Burden of Proof

In a year when the Faculty voted to require more evidence before the Ad Board would investigate sexual assault complaints, the University itself has been forced to prove its case.

Jane says that she tried to talk to several administrators about what happened to her, but found them either too busy or too unapproachable to talk to.

Five days after the alleged assault took place, she says she e-mailed her assistant dean of freshmen, asking to speak with him about vague problems she had been having with “guys” and “alcohol.” She says she did not feel he was a welcoming adviser.

“He was a guy, and it was the first month of my freshman year,” she says. “It shouldn’t be that you go to this man you don’t know, who deals with academic stuff, who is on the Ad Board.”

She also sought out the counseling of Charles Ducey, the director of the Bureau of Study Counsel.

But she says Ducey fell asleep a couple of times during their sessions and she became discouraged with his attitude.


She says Ducey later apologized to her for his conduct through her senior tutor.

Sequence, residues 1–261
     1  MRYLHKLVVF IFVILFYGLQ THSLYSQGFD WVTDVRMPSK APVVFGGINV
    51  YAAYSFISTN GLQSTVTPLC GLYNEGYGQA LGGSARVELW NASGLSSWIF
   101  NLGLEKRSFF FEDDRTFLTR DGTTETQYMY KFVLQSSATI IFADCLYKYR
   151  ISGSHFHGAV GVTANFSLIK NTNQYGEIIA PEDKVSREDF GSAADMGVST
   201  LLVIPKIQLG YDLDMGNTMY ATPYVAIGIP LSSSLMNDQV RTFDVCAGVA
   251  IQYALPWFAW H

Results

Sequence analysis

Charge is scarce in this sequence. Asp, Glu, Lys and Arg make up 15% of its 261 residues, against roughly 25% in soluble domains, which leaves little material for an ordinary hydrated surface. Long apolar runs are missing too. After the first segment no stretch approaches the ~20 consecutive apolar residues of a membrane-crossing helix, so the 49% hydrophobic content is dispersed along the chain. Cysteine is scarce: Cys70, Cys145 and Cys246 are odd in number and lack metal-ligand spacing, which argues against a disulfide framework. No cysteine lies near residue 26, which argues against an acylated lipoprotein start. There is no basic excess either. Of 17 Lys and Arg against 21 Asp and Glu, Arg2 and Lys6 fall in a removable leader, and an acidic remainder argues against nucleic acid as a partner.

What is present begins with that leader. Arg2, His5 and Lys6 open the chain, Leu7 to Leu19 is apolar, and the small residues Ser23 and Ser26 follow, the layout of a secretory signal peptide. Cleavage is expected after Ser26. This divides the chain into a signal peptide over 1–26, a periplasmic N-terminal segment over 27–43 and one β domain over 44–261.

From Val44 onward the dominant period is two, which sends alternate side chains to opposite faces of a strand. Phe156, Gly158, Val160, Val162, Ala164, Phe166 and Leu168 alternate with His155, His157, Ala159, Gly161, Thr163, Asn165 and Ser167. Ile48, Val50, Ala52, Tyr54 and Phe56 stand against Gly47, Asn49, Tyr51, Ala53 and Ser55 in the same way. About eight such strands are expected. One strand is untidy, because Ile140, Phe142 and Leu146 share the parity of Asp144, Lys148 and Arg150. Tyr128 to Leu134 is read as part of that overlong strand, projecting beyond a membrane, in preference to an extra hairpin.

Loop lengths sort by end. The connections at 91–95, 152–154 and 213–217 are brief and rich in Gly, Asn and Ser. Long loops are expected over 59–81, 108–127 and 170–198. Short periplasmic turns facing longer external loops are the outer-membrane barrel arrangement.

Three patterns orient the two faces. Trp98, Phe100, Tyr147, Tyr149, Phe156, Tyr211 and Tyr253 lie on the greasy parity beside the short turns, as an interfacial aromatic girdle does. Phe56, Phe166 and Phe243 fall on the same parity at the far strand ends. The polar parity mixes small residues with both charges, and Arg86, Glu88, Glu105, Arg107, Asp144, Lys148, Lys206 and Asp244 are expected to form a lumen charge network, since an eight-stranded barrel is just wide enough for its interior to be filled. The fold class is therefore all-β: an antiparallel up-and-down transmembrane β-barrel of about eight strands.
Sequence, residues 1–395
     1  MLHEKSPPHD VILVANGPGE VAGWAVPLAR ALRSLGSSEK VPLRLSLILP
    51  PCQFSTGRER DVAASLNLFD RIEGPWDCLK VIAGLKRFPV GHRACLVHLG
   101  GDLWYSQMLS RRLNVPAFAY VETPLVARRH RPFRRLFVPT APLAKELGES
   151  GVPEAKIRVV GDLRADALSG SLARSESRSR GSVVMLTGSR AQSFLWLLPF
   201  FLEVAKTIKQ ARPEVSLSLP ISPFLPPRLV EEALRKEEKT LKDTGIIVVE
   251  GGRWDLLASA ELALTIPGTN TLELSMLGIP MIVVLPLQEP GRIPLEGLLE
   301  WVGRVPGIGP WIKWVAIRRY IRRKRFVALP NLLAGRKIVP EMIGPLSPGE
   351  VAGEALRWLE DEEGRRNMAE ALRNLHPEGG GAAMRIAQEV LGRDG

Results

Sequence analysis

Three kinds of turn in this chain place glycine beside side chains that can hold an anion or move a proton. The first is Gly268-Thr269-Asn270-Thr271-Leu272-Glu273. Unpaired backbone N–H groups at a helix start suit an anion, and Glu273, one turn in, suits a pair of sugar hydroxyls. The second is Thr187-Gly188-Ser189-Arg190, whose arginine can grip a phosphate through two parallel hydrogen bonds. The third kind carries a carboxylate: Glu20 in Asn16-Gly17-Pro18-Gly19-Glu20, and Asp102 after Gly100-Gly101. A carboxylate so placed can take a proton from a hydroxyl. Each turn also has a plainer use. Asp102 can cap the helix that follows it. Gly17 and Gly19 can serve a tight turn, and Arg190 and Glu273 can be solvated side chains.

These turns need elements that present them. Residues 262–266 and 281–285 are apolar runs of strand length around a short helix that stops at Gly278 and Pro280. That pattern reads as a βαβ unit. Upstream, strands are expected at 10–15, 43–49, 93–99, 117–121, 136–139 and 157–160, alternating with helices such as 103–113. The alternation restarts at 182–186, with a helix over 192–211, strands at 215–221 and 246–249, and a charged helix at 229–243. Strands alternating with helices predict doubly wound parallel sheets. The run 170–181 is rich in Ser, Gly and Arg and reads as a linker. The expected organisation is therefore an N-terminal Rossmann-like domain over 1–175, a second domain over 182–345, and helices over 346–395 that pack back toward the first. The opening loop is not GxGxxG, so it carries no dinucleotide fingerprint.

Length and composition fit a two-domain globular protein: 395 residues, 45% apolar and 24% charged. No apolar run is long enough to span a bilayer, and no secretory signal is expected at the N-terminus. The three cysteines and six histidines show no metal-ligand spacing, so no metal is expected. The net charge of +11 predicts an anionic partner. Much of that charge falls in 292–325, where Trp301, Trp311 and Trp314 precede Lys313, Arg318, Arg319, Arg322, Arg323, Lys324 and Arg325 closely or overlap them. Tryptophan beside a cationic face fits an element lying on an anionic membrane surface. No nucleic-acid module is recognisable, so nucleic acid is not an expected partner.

Ducey says he cannot confirm or deny her allegations because of doctor-patient privilege.

“If you have to be proactive and then you get shot down, how many times are you going to do that?” she says. “It takes ridiculous amounts of work and courage.”

Jane said she thought about bringing a complaint to the Ad Board throughout all of her first year. But it was not until the fall of her sophomore year, after she bumped into Dave several times, that she decided to file the complaint.

One afternoon after class, she says she walked into University Hall to talk to Karen E. Avery ’87, the assistant dean of the College who consults with students considering submitting a sexual assault complaint to the Ad Board.

Jane says Avery listened to her and listed all of the options available to her, including criminal proceedings and the Ad Board. She told Avery she was concerned about legal costs and publicity and thus didn’t want to go to court—which she says seemed to frustrate Avery.

Jane says she also spoke to her senior tutor, who represented her on the Ad Board, but she says the tutor’s administrative duties prevented her from giving Jane the support she needed.

Jane says she would jog with her cell phone, waiting for calls from her senior tutor about her case.

But she says while her senior tutor was helpful from the beginning, she was busy with other House matters and was constrained by the demands of her job, which she—like all senior tutors—owes to Lewis, the Ad Board chair.

Jane says she thinks Avery suffers from the same conflict of interest between her administrative and supportive capacities.